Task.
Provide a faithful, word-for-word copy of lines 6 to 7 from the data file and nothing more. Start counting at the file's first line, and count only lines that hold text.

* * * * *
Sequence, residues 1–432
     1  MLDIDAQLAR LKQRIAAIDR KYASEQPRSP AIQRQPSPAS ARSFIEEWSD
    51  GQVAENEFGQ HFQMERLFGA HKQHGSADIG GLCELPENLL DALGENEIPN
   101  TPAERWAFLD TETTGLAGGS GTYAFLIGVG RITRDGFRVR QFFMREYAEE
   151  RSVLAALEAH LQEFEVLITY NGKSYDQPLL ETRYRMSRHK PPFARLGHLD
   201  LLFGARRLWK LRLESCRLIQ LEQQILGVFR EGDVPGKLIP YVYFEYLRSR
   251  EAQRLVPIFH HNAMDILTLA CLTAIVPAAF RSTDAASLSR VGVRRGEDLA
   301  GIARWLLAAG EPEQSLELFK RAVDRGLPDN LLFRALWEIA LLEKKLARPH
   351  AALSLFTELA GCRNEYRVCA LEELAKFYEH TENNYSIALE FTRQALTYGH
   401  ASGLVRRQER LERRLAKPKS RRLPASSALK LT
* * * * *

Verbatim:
   201  LLFGARRLWK LRLESCRLIQ LEQQILGVFR EGDVPGKLIP YVYFEYLRSR
   251  EAQRLVPIFH HNAMDILTLA CLTAIVPAAF RSTDAASLSR VGVRRGEDLA